Apparently, something about the words “rest” and “trench” resonates with you. I bet it is more the word “rest” that sounds appealing. You desire to have a deep rest, a deep peace, in your soul. But it seems elusive.
But rest doesn’t come without the trench. Believe it or not, they go hand-in-hand.
Growing in rest is a process. I have no simple steps for you to follow and magically feel restful. No, you must commit to pursuit. In order to grow, you must be willing to ask yourself a few difficult questions.
I do not want to be in a battle. But to be at rest, I must acknowledge reality.
I am in battle.
My desired picture of our days at home is anything but warfare. Yours probably isn’t either. But the battle wages whether we acknowledge it or not. This is a battle that began in the Garden of Eden and will wage until Jesus wins the final victory.
It is a battle in heavenly places, but it is also in my home each and every day. It might seem the battle is laundry piles, mounds of dishes, sticky floors, sibling squabbles, reluctant learners, disobedience, selfishness.
But those are just the external manifestations. Our battle is not against flesh and blood (Ephesians 6:12). Have you ever noticed this verse follows Paul’s instructions about relationships? (Read Ephesians 5) Hmm, chew on that thought for a few minutes.
The real battle is for my children’s souls. It is a battle for my own soul. When you observe the external battles in your home, do you see the hidden battle? Selfishness, pride, division. They seek to defeat you. They are tools of the enemy who seeks to steal, kill, and destroy everything good in your home.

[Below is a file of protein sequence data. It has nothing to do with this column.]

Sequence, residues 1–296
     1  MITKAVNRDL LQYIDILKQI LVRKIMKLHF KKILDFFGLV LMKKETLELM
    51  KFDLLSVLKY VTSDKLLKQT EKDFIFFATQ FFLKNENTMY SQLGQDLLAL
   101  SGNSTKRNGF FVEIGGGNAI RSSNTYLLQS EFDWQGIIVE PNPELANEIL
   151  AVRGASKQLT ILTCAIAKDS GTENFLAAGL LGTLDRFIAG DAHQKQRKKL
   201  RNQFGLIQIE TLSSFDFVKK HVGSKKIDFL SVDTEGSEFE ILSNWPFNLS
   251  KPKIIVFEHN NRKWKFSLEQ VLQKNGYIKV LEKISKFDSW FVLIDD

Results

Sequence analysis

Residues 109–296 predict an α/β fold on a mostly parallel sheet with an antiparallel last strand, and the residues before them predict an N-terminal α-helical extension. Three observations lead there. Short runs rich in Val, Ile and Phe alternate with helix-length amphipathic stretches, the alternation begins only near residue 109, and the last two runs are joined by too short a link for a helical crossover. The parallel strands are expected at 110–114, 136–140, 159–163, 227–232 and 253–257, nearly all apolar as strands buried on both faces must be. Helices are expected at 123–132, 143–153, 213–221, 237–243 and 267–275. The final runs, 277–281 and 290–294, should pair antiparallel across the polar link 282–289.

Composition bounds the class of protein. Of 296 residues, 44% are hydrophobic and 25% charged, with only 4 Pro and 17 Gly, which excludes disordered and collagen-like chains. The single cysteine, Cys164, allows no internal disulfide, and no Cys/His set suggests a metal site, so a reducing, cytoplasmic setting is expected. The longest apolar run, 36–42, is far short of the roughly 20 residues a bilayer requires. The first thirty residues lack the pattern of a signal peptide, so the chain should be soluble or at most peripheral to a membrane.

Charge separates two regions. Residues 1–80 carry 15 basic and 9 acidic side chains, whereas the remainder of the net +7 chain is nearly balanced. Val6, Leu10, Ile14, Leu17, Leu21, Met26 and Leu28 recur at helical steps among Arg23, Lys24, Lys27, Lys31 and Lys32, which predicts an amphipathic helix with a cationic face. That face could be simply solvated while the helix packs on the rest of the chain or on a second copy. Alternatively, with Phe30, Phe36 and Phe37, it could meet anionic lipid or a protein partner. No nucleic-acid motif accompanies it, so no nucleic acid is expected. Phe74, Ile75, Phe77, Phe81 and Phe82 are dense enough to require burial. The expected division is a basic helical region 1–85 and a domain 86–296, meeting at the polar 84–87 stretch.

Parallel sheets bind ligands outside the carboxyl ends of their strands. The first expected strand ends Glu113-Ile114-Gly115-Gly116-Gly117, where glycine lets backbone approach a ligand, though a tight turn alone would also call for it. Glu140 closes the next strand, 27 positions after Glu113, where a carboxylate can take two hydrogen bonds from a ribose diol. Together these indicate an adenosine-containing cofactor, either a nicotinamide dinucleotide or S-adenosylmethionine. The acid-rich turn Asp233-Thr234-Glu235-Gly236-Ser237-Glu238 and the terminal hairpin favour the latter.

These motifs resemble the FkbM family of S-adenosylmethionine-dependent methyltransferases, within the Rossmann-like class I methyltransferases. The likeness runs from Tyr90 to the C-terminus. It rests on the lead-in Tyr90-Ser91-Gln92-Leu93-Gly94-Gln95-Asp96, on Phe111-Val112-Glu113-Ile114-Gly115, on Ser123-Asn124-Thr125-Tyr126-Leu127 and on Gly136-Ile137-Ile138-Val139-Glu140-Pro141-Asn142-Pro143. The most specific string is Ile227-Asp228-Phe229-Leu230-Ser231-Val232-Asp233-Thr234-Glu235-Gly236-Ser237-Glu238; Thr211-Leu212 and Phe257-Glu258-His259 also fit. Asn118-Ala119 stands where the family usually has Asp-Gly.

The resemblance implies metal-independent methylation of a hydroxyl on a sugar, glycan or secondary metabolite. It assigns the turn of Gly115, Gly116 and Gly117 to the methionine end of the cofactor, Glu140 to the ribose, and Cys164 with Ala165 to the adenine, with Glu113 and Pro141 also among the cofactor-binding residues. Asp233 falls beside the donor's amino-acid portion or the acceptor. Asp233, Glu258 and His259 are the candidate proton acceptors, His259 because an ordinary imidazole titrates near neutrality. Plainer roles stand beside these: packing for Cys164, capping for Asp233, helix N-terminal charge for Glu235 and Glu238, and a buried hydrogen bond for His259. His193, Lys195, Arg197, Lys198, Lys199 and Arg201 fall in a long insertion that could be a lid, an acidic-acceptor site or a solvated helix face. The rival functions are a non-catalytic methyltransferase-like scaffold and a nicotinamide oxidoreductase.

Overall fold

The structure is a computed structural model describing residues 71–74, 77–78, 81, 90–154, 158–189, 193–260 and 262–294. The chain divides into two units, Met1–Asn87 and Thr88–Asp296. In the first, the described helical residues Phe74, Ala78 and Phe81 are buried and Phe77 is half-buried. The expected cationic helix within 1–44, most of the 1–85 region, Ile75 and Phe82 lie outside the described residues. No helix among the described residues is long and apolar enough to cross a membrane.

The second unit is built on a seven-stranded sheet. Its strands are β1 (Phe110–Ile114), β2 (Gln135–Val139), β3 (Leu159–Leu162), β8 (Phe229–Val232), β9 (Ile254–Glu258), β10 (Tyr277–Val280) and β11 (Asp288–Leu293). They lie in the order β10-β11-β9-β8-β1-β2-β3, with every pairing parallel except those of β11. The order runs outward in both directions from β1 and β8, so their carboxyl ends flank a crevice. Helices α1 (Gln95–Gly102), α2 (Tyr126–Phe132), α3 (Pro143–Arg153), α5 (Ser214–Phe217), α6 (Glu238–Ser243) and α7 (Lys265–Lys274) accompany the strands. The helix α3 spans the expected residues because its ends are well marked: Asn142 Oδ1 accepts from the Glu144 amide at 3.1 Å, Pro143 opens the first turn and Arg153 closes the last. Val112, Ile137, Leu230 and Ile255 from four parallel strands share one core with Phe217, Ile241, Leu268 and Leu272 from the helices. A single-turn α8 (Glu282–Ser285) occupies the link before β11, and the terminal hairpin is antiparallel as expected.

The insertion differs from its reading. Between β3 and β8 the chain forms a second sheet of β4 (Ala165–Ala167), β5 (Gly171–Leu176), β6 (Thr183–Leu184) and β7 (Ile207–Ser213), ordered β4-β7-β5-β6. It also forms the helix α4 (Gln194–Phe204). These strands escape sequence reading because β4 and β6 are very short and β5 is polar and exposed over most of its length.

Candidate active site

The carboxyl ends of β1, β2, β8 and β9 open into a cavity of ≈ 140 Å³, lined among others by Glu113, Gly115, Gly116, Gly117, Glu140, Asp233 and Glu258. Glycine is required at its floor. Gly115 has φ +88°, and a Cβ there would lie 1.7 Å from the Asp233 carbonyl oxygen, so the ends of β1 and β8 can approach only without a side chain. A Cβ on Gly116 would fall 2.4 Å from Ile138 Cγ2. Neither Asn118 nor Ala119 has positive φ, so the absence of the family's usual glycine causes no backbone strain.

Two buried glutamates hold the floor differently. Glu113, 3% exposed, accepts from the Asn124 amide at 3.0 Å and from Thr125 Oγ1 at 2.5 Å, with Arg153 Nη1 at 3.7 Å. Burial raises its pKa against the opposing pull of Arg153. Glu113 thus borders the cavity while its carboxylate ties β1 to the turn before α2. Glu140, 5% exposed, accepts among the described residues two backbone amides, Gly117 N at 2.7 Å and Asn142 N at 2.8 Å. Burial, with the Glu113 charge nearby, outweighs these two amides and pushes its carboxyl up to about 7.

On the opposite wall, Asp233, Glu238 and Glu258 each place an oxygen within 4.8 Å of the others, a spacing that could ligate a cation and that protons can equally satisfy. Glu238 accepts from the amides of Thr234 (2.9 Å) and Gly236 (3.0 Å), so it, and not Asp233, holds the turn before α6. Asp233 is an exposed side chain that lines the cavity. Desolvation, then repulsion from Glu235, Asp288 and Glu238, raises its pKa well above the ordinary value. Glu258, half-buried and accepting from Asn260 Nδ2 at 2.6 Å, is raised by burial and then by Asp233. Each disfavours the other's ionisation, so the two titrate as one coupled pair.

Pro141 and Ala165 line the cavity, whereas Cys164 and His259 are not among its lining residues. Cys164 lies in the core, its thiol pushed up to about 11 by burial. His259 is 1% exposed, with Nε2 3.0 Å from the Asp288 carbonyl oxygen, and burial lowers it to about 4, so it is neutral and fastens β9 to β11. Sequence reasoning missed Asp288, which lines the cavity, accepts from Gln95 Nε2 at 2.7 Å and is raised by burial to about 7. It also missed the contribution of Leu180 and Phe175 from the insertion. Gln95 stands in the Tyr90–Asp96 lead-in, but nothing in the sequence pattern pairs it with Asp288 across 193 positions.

To foster rest in your soul, you must first acknowledge a hard truth. You are in a battle. Yes, this is hard. It might appear to be a battle of sibling rivalries; but really, it’s the hidden battle of spiritual forces.
So, really. Do you see the real battle around you?
Several years ago, I began praying that God would give me a single word upon which I could focus for the year. It seemed like He whispered to me words such as quiet and peace. Then I was introduced to teachings in the homeschool community about teaching from a state of rest.
My word became evident: REST.
I began to ponder what life would be like if I did everything from a state of rest. Parent from a state of rest. Plan from a state of rest. Lead from a state of rest. Clean from a state of rest.
A soul at rest remains calm despite external circumstances. A soul at rest is not anxious, frantic, or fearful. A soul at rest knows that Jesus has already won the battle and lives out of that belief.
That is how I want to live!
Daily life can become so full that we are unaware when we are not at rest. If you are like me, then you can go through the entire day without ever stopping to think.
But our soul is helpful and gives us cues as to whether we are living in rest or not. Anxiety, fear, despair, and worry all seem like bad emotions. And yes, they are. But, they become gifts when we allow them to give us cues that we are off course. If we will listen, they can be the catalyst to get back on track.
When I use the word soul, I am referring to your heart (emotions) and your mind (thoughts). Your emotions and thoughts are your cues to whether or not your soul is at rest.
Stop for a moment. Right now.
Ask yourself: Is my soul at rest? What cues are my emotions and thoughts giving me that I might not be at rest?
To foster rest in your soul, you must recognize your own warning signs and admit a hard reality. You can’t really foster rest in your soul until you recognize your need for rest.
Do you know your personal cues for when you soul is not at rest?
There is a real tension in the ideas of battle and rest. How can God be calling me to both of these at the same time? The answer comes from ancient days when Joshua gave his parting words to the Israelites.